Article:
As far as the function of Belinos is concerned, there are essentially two camps of thought. The older and more common stems, again, from His equivocation with the Roman Apollo. This camp holds that He is a god of light or the sun and of healing. The second is that of Delamarre and Prosper based on the newer etymology of His name: that His traits are “related to strength or violence”.[10] When discussing the etymology of Belinos, these two ideas are inherently opposed, but the same does not necessarily need to be true of His function. The best way to understand this is via analogy with another Celtic deity from a different region: Camulos. Camulos’ name probably means something like ‘the Strong’ or ‘the Powerful’, analogous with the newer etymology of Belinos’ name described above, and fitting with Delamarre’s interpretation of Belinos’ name in full: “le ‘Maitre de la Puissance’” (the ‘Master of Power’).[11] Camulos was a tribal God among the Remi and was notable for his association with war among the Belgae in Britain. However, he was also associated with Mars in interpretatio and it must be noted that Mars did not only serve an exclusively violent role, and in fact the Romans often went to extra effort to differentiate between the Mars associated with military affairs from that of the tribal Mars. J. Lindsay writes, “The Celtic Mars under the Romans is normally a local god, often connected with water and solar cults. He is essentially the protector of a tribal or subtribal group and his warrior-role is only a special aspect of this function.” Lindsay argues that because of rampant intertribal warfare in the neighboring Celtic regions prior to Roman conquest, and the importance that tribal Gods played in these conflicts, the Romans saw bellicose qualities above all else in these deities. He then elaborates that territorial ambitions of local Celtic chiefs likely also contributed to the heightened role of these tribal Gods in warfare and that an end of these ambitions brought on by Roman conquest allowed “the broader social significance of the deities… to reassert itself and absorb new saviour-cult elements”.[12] It is then not irrational to reconcile the likely etymology of Belinos’ name with His traditional Roman interpretation by viewing Him as a Norican tribal God (a view reinforced by accounts that He is the chief God among the Noricans)[13]. Why, then, is Belinos attested as Apollo Belleno and not Mars Belleno? The relative early stability of the Regnum Noricum likely allowed these other non-warfare-related traits of Belinos to prevail early on, before being adopted by the Romans as the guardian of the city Aquileia and becoming associated with Apollo.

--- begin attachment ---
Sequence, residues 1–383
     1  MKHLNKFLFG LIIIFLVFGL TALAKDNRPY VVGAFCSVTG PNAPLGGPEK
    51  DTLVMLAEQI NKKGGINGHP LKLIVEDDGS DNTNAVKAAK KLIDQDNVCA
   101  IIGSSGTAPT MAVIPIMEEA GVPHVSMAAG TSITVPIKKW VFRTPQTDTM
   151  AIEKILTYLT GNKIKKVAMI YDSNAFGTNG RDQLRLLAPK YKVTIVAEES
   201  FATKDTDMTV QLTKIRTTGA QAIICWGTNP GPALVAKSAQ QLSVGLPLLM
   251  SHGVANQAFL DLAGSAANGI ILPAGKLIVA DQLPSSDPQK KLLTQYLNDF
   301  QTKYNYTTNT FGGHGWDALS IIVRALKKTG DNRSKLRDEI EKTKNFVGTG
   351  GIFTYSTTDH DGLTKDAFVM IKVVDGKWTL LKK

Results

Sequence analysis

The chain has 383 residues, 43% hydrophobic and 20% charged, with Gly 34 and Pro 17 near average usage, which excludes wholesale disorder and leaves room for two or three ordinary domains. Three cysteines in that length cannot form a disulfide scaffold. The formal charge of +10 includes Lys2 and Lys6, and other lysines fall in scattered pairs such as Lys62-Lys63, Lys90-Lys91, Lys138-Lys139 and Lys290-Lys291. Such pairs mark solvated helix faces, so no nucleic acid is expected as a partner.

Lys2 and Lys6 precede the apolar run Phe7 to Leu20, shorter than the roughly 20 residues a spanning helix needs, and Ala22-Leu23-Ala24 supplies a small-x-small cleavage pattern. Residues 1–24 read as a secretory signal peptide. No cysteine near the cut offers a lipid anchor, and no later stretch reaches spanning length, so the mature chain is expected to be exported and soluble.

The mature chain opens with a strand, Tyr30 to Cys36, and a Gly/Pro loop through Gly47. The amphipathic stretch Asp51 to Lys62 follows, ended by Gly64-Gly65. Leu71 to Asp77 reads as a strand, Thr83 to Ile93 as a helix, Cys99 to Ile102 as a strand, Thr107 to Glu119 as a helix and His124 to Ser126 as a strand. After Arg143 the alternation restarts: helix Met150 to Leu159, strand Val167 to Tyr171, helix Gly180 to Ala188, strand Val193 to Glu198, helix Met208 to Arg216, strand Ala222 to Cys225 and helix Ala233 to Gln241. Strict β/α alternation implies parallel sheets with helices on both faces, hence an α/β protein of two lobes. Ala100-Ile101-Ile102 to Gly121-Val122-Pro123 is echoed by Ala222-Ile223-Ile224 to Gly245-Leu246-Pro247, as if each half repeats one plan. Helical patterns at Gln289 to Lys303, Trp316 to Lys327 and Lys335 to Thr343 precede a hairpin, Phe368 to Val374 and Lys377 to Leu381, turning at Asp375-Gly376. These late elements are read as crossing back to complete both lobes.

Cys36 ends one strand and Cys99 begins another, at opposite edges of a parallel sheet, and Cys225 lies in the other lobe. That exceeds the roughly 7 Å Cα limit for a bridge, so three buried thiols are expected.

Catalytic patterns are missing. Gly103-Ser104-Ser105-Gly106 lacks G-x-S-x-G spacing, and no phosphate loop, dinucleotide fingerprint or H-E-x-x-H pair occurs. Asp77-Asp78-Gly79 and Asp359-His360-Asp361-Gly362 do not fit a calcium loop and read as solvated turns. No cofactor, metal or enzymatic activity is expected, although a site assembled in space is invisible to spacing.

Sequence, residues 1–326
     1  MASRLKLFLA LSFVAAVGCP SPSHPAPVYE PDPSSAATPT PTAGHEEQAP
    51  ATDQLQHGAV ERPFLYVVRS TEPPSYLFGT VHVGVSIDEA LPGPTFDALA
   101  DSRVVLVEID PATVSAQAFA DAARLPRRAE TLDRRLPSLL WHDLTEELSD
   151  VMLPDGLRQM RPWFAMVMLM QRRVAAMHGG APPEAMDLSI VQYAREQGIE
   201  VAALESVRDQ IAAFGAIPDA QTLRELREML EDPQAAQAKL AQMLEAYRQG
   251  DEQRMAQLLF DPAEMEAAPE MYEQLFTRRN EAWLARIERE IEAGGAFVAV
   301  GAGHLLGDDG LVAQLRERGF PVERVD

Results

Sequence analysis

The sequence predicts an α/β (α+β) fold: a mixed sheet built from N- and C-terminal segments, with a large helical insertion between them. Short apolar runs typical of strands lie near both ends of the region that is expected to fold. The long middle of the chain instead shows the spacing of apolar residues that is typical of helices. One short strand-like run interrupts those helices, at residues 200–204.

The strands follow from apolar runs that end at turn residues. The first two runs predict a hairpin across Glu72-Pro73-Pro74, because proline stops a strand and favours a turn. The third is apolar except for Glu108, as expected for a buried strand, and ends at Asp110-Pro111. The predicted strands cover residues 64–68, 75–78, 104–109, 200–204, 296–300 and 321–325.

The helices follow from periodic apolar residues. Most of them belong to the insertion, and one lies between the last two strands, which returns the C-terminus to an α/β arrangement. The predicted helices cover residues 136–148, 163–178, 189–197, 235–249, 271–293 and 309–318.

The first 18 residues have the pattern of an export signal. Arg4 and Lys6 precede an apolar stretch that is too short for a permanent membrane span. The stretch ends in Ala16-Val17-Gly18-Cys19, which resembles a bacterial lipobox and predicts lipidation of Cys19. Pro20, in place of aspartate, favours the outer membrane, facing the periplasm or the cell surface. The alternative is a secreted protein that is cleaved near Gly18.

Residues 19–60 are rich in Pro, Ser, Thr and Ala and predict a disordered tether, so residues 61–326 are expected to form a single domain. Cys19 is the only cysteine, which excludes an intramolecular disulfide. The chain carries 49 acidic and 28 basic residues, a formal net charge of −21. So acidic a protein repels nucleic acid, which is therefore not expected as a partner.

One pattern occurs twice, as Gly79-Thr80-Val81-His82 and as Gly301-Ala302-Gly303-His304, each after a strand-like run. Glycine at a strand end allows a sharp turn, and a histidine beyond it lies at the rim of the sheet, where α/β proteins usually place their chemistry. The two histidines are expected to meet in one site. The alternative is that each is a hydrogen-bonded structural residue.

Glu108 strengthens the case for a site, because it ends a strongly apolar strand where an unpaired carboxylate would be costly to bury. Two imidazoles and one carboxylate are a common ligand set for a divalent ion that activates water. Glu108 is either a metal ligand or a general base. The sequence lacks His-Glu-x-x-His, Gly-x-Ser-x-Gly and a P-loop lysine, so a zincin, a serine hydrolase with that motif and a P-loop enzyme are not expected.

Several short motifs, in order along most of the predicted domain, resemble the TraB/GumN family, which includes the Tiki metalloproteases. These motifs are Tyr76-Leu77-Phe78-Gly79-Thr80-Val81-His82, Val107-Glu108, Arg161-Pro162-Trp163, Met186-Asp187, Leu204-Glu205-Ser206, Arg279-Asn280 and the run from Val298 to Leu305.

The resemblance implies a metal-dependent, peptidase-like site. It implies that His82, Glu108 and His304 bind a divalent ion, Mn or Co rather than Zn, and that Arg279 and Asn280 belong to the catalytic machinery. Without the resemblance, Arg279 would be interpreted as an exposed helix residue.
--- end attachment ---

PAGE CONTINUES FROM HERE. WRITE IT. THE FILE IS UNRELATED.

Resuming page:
In Practice: